Water to Water on PU

Water to Water was featured on Poets United today. Here’s a link to the brief interview that includes a couple of poems from the book.

Grateful to Sherry and all of the poets over at PU – definitely one of the warmest places on the net to meet poets and share poetry.

Paperback and e-book editions are available on Amazon.

 

 

When I missed the 09:55

there were furrows
on her forehead,
disappearing like subway tracks,
lines that climbed out
from her weary dimple
like trains out of City Station;

she was softer
under the naked light bulb,
incandescent matter
poised mid-whirl,
a momentary flicker
in Rumi’s eyes,
an afterthought
caught in the maelstrom
of an incoming chant;

her face translucent,
the edges blurring
into the aura
weaving round her head;
inviting me to read
the empty pages,
words like thoughts
had pulled away
over the years;

i met her
on an empty platform,
a long way from today,
the me that i could be,
standing alone,
with a smile
and a purple umbrella;
in her bag-
the book I am writing,
weathered and lonesome;

she watched me run
towards the 09.55,
shaking off raindrops
from an imagined ache,
her wrinkled hands
held my arm
for just a moment,
not so fast,
her trembling voice said,
not so fast, my dear,
go craft me
in your own time,
one unsure step
trailing another,
just feel the lines
cross through your heart,
they will come,
for now
just slow down
and mind the gap.

Posted this poem way back on Jan 3rd, 2016. Seems like a perfect time to revisit it.

Water to Water, my first poetry collection, is now available on Amazon – US, UK and India

 

My book!

Very pleased to share that my first poetry collection – Water to Water – has been published by Notion Press and is now available on Amazon.

Here are the links for:

India: 
USA:
UK:

 

I can’t thank the wordpress community enough for their encouragement over the last few years. I now look forward to your feedback and support!

Used to be easier

There must be many gods up there, yours, mine, the god
of unbelievers. Used to be easier. All people wanted was

to be safe from life, from death, from gods. Now infinite
prayers litter the space between lips and stars. But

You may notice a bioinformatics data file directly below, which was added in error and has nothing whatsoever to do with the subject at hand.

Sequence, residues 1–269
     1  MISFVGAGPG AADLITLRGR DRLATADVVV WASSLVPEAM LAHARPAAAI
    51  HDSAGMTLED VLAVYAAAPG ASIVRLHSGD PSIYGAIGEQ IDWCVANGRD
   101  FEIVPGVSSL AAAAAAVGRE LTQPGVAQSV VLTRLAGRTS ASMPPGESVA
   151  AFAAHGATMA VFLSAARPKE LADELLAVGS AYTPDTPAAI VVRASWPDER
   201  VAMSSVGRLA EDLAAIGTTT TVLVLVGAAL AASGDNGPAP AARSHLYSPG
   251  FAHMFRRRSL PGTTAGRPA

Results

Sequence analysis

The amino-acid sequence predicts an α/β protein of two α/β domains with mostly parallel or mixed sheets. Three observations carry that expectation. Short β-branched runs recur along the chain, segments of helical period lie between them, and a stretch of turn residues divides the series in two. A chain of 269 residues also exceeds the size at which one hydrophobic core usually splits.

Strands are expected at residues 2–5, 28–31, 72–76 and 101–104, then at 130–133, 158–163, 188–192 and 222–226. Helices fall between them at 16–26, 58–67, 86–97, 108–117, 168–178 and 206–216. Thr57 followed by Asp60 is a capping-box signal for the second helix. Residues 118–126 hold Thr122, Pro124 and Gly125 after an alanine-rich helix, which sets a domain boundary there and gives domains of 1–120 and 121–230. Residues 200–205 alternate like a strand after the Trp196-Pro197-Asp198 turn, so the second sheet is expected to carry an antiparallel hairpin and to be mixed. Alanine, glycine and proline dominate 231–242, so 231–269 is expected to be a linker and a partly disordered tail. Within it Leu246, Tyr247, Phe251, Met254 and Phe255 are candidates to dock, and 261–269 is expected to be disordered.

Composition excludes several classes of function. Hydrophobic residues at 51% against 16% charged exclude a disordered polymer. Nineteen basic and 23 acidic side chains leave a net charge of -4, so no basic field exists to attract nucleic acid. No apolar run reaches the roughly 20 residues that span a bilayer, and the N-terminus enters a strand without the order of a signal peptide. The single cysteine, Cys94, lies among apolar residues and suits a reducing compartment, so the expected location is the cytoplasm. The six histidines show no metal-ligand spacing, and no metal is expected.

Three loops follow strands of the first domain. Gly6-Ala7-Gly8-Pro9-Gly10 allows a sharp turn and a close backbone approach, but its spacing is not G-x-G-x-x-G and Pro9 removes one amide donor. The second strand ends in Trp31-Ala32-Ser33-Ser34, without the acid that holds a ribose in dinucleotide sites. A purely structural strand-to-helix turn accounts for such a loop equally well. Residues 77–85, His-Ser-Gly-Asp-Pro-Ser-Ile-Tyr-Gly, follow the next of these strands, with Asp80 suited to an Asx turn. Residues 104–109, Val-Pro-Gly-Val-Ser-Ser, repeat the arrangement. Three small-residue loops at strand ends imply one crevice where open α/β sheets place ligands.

prayers are not gods. They need feathers and hollow
bones and ways to breathe. And ways to survive till they

find the right god. The skies are crowded like the
vegetable market on Sunday morning. We slithered and

jostled through curses and shoulders and sweat to find
the best mangoes. It was the lunar new year. We prayed

for twelve months of happiness. We got two. That prayer
must have broken a wing or run out of air or died in a

stampede of buoyant yearnings. Maybe you were saying
something that day. Maybe I couldn’t hear in the din.

Even gods can’t hear in the Sunday market with every
single person crying out for something. Used to be easier.

VV-March-2019-1

 

Image by NASA (Picture prompt provided by Visual Verse)
First published on Visual Verse (Vol 06, Chapter 5)

Corollary

There are mornings, more mornings
now, when I try to separate love from
myself. I describe my face to the silence
as a stranger would, to another, after
a brief encounter. I describe my love
to the mirror as a bird would explain
light to another, in the dark. I describe
our time together as a fish would
talk of wetness to another, not knowing.
Your fingers comb through the lines,
trying to distinguish reason from craft.
But a poem is only a corollary. A
consequence that has subsumed its
cause. The glass in our window is
neither inside nor out. The sky becomes
a sky only when we look up. You
describe distance to me as a road would
to another, as a beginning or ending.

512px-Edvard_Munch_-_The_Kiss_-_Google_Art_Project
The Kiss, by Edvard Munch (Norway) 1897.

 

Published today in The Ekphrastic Review. Many thanks to the editor, Lorette C. Luzajic

 

Afterwards

Afterwards is the number of steps it took to
get home, afterwards is an empty home.
Afterwards is washing that has to be brought
in before sunset, dinner that has to be
cooked, bills that have to be paid, afterwards
is hearing the word ‘obituary’ as if for the
first time and wondering why words like
it – estuary and sanctuary – are about peaceful
places. Afterwards is falling asleep on the
couch because the room you slept in for 27
years is suddenly too cold, the TV still on
because silence is no longer a choice. Afterwards
is breaking the present into tolerable pain and
denial, recasting the past into unrelated
memories and denial, framing tomorrow into
impossibilities and denial. Afterwards is a
phone call you cannot make, a god you cannot
forsake. Afterwards is every moment you spend
forgetting that the blood on the officer’s uniform
came from a body you can no longer hold.

Norbu-Gyachung

 

 

They too are whirling

There is a cyclical monotony to remorse. We fail,
we fall, we begin again, hoping each time for a
different ending. We learn this from the sky.
It turns murky and desperate. Cleanses its insides.
Weeps. Finds itself unchanged in the morning.
Resets its congenital angst. Wouldn’t you like
to look up and find something different, it asked,
in all seriousness, one night. There is a surreal
potency in telling the sky about the waning
moon. In seeing its eyes widen. In watching it shift,
uncovering a few more stars. Unveiling another
moon. Will this make you happy, it asks, bemused.
Does it matter, I counter, in the sudden light,
but it can no longer hear me. I follow new stars,
they too are whirling. In the morning, they will be
gone. Hidden from different eyes. I will sit by the
window, waiting for the sky to turn dark again.

matt-boyce-visual-verse.jpg

Image by Matt Boyce (Picture prompt provided by Visual Verse)
First published on Visual Verse (Vol 06, Chapter 3)